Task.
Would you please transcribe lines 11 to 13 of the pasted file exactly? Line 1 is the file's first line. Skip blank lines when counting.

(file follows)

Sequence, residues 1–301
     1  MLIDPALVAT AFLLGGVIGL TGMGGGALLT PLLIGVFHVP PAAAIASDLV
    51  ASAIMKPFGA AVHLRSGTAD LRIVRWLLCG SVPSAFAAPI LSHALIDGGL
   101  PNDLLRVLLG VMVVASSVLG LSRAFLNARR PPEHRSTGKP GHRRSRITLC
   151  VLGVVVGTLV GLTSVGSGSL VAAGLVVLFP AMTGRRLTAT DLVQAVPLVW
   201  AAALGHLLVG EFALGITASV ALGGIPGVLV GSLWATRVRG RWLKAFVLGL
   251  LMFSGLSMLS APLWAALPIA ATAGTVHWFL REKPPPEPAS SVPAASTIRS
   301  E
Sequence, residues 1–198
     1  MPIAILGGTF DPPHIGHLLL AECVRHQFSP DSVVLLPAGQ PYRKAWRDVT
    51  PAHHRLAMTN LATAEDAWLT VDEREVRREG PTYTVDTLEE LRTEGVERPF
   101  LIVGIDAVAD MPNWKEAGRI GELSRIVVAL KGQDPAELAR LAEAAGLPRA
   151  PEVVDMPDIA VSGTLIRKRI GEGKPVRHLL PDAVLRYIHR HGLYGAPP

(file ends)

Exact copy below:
    51  PAHHRLAMTN LATAEDAWLT VDEREVRREG PTYTVDTLEE LRTEGVERPF
   101  LIVGIDAVAD MPNWKEAGRI GELSRIVVAL KGQDPAELAR LAEAAGLPRA
   151  PEVVDMPDIA VSGTLIRKRI GEGKPVRHLL PDAVLRYIHR HGLYGAPP